Washington, May 14 : A new study has suggested that long-term depression may double the risk of stroke in adults over 50 and stroke risk remains higher even after symptoms of depression go away.
Lead author Paola Gilsanz of Harvard University said that the findings suggest that depression may increase stroke risk over the long term.

The study documented 1,192 strokes over 12 years. Compared to people without depression at either interview and found that people with high depressive symptoms at two consecutive interviews were more than twice as likely to have a first stroke and people who had depressive symptoms at the first interview but not the second had a 66 percent higher stroke risk.

Researchers did not evaluate whether depressive symptoms diminished because of treatment or for other reasons; but findings suggest that treatment, even if effective for depression, may not have immediate benefits for stroke risk.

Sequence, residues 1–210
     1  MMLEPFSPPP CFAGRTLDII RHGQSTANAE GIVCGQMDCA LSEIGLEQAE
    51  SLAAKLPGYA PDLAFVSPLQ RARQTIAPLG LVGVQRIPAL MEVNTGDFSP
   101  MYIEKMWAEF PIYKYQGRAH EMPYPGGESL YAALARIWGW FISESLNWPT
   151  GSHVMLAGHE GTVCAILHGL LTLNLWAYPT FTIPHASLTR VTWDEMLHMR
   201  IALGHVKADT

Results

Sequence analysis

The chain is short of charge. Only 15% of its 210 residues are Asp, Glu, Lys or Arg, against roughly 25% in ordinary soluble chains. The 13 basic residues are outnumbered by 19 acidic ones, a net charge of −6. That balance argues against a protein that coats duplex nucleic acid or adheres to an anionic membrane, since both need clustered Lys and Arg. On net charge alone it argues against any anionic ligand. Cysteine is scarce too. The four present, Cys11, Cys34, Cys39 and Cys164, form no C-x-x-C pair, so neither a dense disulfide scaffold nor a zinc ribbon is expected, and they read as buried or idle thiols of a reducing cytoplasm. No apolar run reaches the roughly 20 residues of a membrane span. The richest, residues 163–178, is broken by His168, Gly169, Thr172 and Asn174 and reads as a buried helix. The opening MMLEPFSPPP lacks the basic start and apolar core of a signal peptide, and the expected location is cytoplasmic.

Researchers also suggest that diminished depression may have a stronger effect on women than men. However, recent onset of depression was not associated with higher stroke risk.

Gilsanz said that looking at how changes in depressive symptoms over time may be associated with strokes allowed us to see if the risk of stroke increases after elevated depressive symptoms start or if risk goes away when depressive symptoms do.

Gilsanz added that they were surprised that changes in depressive symptoms seem to take more than two years to protect against or elevate stroke risk.

The study appears in the Journal of the American Heart Association.


(Posted on 14 May 2015, 1679533637 34O239O173O144)